Days with temperatures > 30°C are called hot days (earlier term: tropical days). The number of hot days is a term describing the quality of a summer. Temperatures >30°C have negative effects on the development of most crops, especially during dry periods. The higher the humidity, the greater the impact on humans and animals.
At a glance
- The highest number of hot days averaged across Germany were recorded in 2003, 2015 and 2018.
- Despite considerable fluctuations between individual years, the overall trend is rising significantly.
- More hot days are expected during the summer months in the coming decades due to climate change.
Rising temperatures can adversely affect human health. Germany's National Meterological Service, the “Deutscher Wetterdienst” (DWD), defines ‘hot days’ as any day at which the maximum temperature exceeds 30 degrees Celsius (°C). High air temperatures have a direct impact on the human body, as the heat can cause circulatory problems. Indirectly, hot weather can raise pollutant levels in the air we breathe, leading to an increase in respiratory and circulatory diseases. High air temperatures combined with intense sunlight promote the formation of ground-level ozone. Ozone irritates the eyes and airways and can exacerbate existing respiratory diseases. It can also trigger allergic reactions.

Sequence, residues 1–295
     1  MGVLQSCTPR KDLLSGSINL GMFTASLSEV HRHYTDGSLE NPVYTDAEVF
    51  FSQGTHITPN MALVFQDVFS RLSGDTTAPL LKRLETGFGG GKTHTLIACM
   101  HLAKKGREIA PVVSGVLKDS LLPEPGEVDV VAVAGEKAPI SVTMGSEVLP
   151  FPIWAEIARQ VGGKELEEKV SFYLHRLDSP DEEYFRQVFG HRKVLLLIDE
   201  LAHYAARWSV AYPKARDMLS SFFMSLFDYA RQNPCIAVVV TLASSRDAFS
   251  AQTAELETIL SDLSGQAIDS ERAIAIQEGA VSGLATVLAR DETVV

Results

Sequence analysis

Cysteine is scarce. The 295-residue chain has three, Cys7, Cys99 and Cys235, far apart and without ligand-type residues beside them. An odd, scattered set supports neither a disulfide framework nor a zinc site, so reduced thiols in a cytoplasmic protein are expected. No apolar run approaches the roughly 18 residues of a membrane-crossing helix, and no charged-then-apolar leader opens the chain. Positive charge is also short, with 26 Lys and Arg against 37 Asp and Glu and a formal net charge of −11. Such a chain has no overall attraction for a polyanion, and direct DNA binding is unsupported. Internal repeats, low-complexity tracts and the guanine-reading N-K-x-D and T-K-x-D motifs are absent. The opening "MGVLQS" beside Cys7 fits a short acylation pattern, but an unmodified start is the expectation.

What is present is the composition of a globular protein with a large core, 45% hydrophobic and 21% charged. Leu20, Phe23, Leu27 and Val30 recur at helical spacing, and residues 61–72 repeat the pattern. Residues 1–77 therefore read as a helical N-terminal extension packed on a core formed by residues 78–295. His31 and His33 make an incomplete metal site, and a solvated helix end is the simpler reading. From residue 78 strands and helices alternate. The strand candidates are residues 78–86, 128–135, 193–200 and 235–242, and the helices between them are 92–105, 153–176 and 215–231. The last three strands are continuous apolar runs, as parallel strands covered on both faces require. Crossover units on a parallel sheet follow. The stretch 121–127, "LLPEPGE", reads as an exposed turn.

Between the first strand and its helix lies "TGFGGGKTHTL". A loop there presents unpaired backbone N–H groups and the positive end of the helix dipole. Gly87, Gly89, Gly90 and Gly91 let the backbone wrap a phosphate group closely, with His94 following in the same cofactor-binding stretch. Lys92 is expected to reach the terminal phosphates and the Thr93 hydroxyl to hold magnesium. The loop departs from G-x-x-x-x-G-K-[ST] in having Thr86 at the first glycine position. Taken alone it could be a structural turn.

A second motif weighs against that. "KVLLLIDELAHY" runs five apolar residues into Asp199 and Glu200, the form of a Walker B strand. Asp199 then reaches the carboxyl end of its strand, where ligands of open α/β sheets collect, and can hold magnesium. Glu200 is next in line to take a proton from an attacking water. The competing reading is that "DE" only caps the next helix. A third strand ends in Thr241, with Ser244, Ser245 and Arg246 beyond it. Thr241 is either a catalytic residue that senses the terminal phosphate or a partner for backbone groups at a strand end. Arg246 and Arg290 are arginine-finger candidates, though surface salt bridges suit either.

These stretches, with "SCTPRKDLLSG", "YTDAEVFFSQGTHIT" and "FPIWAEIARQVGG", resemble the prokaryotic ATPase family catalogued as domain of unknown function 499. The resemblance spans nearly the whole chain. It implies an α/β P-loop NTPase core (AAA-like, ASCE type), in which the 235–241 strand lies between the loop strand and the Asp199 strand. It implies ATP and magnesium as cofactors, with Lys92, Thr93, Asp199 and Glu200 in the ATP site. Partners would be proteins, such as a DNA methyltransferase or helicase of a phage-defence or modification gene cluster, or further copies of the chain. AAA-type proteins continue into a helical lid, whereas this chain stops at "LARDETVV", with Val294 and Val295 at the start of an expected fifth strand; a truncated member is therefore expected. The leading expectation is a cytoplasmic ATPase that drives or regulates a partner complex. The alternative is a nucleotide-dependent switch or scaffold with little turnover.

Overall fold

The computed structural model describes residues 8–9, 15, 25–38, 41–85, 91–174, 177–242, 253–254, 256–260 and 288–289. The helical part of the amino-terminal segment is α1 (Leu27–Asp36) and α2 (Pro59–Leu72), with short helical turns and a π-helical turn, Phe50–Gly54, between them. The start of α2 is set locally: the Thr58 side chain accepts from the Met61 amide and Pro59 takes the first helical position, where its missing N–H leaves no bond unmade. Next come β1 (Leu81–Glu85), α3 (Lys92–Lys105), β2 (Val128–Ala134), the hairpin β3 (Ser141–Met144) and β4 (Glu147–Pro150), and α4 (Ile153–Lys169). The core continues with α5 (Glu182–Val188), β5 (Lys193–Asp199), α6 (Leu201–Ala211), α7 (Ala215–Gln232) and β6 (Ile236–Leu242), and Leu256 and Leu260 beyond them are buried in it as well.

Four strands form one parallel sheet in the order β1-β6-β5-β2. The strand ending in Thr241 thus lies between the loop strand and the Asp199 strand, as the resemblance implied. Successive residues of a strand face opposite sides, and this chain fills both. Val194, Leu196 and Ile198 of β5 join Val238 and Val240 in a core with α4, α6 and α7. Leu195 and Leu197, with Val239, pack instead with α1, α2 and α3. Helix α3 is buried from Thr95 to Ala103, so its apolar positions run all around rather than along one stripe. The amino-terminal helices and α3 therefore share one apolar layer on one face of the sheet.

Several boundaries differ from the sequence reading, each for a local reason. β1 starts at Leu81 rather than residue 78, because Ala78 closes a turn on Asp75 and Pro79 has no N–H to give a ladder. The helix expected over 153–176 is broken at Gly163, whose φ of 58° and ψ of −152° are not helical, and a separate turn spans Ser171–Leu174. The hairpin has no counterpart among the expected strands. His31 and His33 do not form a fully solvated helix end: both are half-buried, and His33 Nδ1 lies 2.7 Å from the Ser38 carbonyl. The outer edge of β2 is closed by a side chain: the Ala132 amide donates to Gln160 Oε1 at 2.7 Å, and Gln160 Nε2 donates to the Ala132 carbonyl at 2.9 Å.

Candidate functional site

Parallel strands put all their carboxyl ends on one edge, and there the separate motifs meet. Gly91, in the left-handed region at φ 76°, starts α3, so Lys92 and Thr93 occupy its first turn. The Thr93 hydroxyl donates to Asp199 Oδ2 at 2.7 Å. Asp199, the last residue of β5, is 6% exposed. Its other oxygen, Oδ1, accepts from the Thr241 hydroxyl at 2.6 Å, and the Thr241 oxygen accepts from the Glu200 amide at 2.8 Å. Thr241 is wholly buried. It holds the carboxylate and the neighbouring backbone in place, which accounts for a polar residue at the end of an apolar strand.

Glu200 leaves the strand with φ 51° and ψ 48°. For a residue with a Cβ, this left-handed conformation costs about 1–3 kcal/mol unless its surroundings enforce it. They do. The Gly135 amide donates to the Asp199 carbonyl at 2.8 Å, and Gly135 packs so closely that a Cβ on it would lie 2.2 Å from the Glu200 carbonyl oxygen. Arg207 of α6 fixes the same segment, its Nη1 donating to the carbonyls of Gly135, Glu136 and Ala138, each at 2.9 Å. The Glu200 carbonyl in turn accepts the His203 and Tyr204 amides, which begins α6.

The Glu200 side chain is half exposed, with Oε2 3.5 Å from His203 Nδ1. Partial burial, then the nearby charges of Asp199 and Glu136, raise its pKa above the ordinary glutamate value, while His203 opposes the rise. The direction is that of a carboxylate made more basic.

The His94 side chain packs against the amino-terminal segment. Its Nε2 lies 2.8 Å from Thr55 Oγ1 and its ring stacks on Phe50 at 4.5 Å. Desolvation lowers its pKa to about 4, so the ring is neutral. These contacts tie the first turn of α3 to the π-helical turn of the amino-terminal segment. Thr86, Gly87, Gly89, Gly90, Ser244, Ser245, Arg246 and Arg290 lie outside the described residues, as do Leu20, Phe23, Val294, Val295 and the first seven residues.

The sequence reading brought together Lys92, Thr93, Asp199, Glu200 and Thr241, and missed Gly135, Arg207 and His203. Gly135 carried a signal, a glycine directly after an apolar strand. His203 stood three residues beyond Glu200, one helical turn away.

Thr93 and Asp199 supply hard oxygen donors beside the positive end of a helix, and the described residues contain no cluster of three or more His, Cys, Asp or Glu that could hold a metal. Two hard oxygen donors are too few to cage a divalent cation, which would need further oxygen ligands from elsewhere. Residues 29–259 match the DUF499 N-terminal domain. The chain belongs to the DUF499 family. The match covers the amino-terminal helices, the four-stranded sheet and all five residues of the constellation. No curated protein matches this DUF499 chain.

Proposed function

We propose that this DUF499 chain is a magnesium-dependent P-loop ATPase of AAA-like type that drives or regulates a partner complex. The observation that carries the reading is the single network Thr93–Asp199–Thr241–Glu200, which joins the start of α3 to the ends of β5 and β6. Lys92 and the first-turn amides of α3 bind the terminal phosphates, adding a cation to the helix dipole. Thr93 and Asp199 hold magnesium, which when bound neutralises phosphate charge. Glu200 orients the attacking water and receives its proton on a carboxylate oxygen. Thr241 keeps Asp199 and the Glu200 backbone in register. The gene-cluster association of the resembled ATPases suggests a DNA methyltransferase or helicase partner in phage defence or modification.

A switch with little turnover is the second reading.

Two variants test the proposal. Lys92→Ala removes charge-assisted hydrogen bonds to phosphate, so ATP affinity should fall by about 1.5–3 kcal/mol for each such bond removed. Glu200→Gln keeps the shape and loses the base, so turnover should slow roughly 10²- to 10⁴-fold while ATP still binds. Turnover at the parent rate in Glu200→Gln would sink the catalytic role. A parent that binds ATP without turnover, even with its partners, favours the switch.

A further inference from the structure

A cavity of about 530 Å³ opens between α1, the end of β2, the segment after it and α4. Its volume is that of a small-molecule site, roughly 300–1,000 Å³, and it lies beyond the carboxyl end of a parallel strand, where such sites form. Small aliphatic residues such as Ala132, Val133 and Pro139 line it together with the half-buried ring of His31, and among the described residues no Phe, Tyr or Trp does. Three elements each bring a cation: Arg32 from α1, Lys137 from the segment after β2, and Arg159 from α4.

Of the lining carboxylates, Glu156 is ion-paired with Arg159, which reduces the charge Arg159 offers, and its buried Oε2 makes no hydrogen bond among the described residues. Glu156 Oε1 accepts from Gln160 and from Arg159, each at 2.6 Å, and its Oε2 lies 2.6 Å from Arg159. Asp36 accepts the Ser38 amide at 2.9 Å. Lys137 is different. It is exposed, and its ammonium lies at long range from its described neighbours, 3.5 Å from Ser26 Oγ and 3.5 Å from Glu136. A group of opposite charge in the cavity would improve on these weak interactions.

(If you select Year in the period under consideration, you can select hot days in "Element" and Absolute in "Type")